Crenshaw Subway Coalition v Los Angeles County Metro. Transp. Auth. (CD Cal, Sept. 23, 2015, No. CV 11-9603 FMO (JCx)) 2015 US Dist Lexis 143642, 2015 WL 6150847. Environmental impact reports are required only to discuss "any inconsistencies" with plans; 14 Cal Code Regs §15125(d) does not require an EIR to explain why the project is consistent with applicable plans or to provide support for a conclusion that there are no plan inconsistencies. See §§12.28, 13.66E, 15.9A, 15.12, 15.17, 17.25, 22.9, 22.16, 22.22.
Naraghi Lakes Neighborhood Preservation Ass'n v City of Modesto (2016) 1 CA5th 9. Agencies have particularly broad discretion in determining a project's consistency with general plan goals and policies. See §12.33.
Spring Valley Lake Ass'n v City of Victorville (2016) 248 CA4th 91. Overall consistency with general plan policies is not sufficient to excuse a project's inconsistency with plan standards that are specific, mandatory, and fundamental. See §§12.33–12.34, 13.26, 13.59, 13.66, 16.15A, 16.15C–16.15D, 20.81D, 20.86.
Ukiah Citizens for Safety First v City of Ukiah (2016) 248 CA4th 256. An EIR should not rely solely on compliance with Title 24 standards to mitigate operational and construction energy impacts and should not assume that mitigation for GHG emissions will serve as a substitute for an analysis of energy use impacts. See §§13.59, 16.15E, 17.7, 23.49.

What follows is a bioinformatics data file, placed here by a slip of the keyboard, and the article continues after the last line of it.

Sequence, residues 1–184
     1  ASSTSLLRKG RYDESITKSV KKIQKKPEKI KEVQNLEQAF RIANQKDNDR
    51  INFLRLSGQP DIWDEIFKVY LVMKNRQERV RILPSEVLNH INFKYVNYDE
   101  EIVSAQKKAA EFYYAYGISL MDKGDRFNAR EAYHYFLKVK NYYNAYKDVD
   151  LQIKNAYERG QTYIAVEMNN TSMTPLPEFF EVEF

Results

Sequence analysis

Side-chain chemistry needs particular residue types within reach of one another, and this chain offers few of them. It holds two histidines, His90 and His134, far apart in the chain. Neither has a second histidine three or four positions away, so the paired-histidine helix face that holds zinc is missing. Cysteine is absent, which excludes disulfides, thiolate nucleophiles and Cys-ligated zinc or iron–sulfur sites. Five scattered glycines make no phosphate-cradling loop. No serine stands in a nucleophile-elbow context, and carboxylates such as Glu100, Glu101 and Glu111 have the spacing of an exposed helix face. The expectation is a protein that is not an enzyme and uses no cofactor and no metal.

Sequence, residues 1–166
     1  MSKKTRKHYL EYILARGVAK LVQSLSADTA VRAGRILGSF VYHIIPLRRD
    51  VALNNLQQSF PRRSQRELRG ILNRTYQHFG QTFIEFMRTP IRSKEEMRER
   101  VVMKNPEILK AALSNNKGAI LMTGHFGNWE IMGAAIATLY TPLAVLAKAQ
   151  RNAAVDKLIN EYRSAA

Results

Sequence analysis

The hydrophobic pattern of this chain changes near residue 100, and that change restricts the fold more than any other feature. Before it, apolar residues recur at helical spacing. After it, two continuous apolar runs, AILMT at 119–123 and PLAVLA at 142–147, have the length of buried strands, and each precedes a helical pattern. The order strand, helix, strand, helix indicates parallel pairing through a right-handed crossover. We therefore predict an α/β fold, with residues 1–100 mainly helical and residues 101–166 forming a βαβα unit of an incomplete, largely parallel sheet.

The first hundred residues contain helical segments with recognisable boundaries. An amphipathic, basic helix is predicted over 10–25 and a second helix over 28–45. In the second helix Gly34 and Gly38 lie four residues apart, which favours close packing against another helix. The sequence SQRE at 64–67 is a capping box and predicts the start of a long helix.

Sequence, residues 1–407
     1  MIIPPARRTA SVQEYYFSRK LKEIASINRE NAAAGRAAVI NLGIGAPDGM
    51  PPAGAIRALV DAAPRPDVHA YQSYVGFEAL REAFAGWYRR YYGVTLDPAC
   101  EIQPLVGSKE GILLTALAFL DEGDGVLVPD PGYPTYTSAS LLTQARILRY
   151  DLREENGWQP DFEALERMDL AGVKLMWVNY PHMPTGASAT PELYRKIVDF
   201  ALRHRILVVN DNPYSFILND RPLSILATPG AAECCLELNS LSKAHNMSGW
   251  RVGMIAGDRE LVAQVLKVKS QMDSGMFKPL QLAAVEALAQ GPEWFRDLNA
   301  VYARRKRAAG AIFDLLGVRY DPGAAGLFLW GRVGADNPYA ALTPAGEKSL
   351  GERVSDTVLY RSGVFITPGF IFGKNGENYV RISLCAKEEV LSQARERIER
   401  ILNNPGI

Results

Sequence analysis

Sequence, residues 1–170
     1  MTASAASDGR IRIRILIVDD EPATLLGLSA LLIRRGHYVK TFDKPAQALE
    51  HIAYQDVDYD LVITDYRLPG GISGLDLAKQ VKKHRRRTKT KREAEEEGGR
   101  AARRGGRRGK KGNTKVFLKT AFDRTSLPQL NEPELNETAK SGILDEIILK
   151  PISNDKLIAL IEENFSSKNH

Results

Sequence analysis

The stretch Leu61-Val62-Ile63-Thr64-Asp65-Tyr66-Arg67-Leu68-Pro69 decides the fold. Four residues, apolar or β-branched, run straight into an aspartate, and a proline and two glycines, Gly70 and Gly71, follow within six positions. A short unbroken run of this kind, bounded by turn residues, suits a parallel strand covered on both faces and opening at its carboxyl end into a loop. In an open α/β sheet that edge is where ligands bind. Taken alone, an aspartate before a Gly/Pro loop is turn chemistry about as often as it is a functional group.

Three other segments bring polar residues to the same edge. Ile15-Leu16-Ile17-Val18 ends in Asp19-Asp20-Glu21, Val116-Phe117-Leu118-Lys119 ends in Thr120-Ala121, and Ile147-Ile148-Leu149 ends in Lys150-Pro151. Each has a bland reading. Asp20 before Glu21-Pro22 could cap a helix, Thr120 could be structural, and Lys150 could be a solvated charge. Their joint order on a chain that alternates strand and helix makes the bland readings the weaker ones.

Friends of the Willow Glen Trestle v City of San Jose (2016) 2 CA5th 457. An agency's discretionary determination that a structure or object is or is not a historical resource need only be supported by substantial evidence. See §§20.94, 20.96–20.97, 23.114.
Communities for a Better Env't v Bay Area Air Quality Mgmt. Dist. (2016) 1 CA5th 715. Failure to discover a CEQA claim does not extend the statutory limitations period. See §§23.22, 23.25.
Citizens for Ceres v City of Ceres (2016) 3 CA5th 237. When the agency prepares the record and the real party in interest reimburses the agency for that record preparation cost, the real party may recover that reimbursed record cost from the petitioner as an allowable cost. See §23.72.
A new section has been added to chapter 23 (§23.72A) on the new optional process for expediting the preparation of the administrative record, authorized by Pub Res C §21167.6.2 (added by SB 122 (Stats 2016, ch 476), effective Jan. 1, 2017).
Center for Biological Diversity v Department of Fish & Wildlife (2016) 1 CA5th 452. Under Pub Res C §21168.9, a court of appeal may give instructions on the scope and contents of a writ of mandate the trial court should issue when the case is remitted to it, but the statute does not give a court of appeal authority to itself issue a writ of mandate directly. See §23.144.
City of Montebello v Vasquez (2016) 1 C5th 409. Votes by public officials, and statements made in the course of their deliberations at the meeting where the votes were taken, qualify as protected speech under CCP §425.16 (the anti-SLAPP statute). See §23.159.